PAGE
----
Utah GOP delegate still hopes for abortion, family values platform tweaks
MARRIOTT-SLATERVILLE — Bob McEntee’s proposals to amend the Utah Republican Party platform on abortion and family values may have fallen through the cracks at Saturday’s GOP convention.
But the GOP state delegate from Marriott-Slaterville hasn’t given up on them. He says he’ll pursue them at a future convention.
“The design of the agenda is what got us,” he said this week. That is, that his proposals were at the end of Saturday’s convention — after delegates weighed in on the GOP U.S. Senate and U.S. House hopefuls and after many participants had left — meant there weren’t enough delegates, a quorum, still around to vote on them.
One of his proposed amendments had called for eliminating platform language referencing exceptions to opposition to abortion in cases of incest and rape or when the life of the mother is in danger and adding language focusing on adoption. His aim, he said, was to bolster adoption as an alternative to abortion within the framework of the party platform.
Per his proposal, a key platform sentence reading, “We strongly oppose abortion, except to preserve the life of the mother or in cases of rape or incest,” would have been changed to read, “We strongly oppose abortion and encourage adoption.”
Some apparently wondered whether McEntee’s proposed change meant the party would endorse no circumstances when abortion might be acceptable. He said that wasn’t case.
That rape, incest and instances when the mother’s life is in danger were regarded as exceptions, in his mind, was implied. “We took it for granted, but some people didn’t take it that way,” McEntee said. He wanted to “be silent” in the platform on the issue of exceptions and leave it to individual party members “and their faith” to make the call.
A second proposal McEntee put forward in the family values section of the GOP platform called for adding language affirming the rights of parents with regard to the care and upbringing of their kids.
That provision, McEntee said, stemmed in part from apparent instances in California of minors getting abortions or prescriptions for abortion pills without the consent or knowledge of their parents. He also cited apparent instances, also in California, of minors getting the COVID-19 vaccine without their parents knowing.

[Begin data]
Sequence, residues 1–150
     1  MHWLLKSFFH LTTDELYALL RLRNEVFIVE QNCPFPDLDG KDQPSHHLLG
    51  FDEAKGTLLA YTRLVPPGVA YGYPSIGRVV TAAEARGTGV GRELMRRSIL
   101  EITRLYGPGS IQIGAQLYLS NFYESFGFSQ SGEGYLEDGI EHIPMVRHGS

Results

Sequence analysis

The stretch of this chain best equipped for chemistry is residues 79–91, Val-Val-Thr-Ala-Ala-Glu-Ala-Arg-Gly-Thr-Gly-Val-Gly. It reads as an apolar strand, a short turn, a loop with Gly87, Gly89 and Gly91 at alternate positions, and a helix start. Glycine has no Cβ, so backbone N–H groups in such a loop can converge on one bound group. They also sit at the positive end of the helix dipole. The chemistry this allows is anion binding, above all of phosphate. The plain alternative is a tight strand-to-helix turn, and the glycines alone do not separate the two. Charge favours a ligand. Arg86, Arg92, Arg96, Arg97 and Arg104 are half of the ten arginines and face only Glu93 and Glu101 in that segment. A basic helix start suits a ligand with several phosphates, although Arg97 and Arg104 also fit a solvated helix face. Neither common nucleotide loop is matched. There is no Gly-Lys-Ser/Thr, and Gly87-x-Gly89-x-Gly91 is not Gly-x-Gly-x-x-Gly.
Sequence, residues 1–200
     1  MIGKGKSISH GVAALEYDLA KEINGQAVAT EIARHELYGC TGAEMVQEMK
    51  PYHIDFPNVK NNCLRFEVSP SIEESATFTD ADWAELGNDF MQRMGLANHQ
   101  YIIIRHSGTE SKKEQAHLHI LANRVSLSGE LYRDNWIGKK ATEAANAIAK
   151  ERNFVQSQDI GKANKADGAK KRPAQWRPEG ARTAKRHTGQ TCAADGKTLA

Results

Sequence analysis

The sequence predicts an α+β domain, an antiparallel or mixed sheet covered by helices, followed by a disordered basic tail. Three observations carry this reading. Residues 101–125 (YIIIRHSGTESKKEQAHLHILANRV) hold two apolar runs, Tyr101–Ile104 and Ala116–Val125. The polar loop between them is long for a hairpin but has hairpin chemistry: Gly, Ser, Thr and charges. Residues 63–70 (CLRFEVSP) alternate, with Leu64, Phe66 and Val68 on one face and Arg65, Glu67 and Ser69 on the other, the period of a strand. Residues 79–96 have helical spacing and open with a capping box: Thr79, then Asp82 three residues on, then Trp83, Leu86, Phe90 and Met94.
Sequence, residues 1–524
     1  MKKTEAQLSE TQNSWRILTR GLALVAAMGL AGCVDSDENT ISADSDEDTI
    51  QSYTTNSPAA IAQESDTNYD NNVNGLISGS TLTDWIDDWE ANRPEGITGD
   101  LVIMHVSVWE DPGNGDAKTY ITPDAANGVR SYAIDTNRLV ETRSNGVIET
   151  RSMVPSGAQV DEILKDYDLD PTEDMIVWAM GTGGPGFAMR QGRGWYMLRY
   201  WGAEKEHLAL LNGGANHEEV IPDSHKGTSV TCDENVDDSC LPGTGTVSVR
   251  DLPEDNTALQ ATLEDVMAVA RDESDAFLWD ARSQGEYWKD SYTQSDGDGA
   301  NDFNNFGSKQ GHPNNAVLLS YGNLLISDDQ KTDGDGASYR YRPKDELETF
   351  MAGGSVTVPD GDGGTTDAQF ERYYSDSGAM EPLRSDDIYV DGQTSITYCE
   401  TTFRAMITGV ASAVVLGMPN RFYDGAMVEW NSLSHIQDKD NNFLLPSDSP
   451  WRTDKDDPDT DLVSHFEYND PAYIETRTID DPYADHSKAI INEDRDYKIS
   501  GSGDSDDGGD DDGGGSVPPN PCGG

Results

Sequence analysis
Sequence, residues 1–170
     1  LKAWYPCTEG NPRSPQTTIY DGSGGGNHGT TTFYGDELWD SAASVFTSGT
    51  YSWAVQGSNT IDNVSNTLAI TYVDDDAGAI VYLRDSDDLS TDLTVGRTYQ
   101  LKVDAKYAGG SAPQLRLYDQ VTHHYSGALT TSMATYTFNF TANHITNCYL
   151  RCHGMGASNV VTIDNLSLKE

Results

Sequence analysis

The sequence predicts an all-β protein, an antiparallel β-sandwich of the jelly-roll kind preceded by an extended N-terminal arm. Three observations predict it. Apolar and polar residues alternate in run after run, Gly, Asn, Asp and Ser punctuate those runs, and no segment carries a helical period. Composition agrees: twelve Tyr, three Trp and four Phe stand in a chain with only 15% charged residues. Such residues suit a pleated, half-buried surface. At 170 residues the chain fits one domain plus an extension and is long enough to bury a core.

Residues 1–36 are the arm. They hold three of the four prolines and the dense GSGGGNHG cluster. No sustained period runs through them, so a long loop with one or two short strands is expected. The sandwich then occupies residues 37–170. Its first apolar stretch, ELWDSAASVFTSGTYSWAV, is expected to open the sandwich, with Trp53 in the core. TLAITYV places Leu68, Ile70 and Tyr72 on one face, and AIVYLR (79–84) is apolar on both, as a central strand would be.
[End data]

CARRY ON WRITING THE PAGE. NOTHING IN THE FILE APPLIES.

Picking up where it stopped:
Parents “must receive full disclosure and give written permission before any healthcare services, outside referrals, sexual, race or gender education content or materials are distributed to their children,” McEntee’s proposed amendment reads, in part. It goes on: “No person should be forced, coerced or cajoled to undergo any healthcare service including vaccinations or experimental medical procedures.”
McEntee said he didn’t hear any opposition to bolstering language encouraging adoption, spelled out in GOP platforms of some other states. Still, he suspects some delegates were leery of addressing the issue since it relates to the controversial topic of abortion, not wanting a “divisive” public debate.
He also didn’t hear much opposition to his family values proposal, just “nitpicking” on particulars of the language.
Even so, he wonders if his proposals were purposefully placed near the end of Saturday’s meeting agenda — after the main action items, when some delegates typically start leaving — to avoid debate on them. “It sure seems like it from my angle,” he said.
Lacking a quorum of delegates when the agenda rolled around to McEntee’s proposals, the measures weren’t discussed last Saturday.
The 2022 convention is the third such gathering in a row, including the 2020 and 2018 meetings, that didn’t include proposed changes to GOP policy positions, he said. McEntee aims to bring up his proposals again, though he’s not sure exactly when.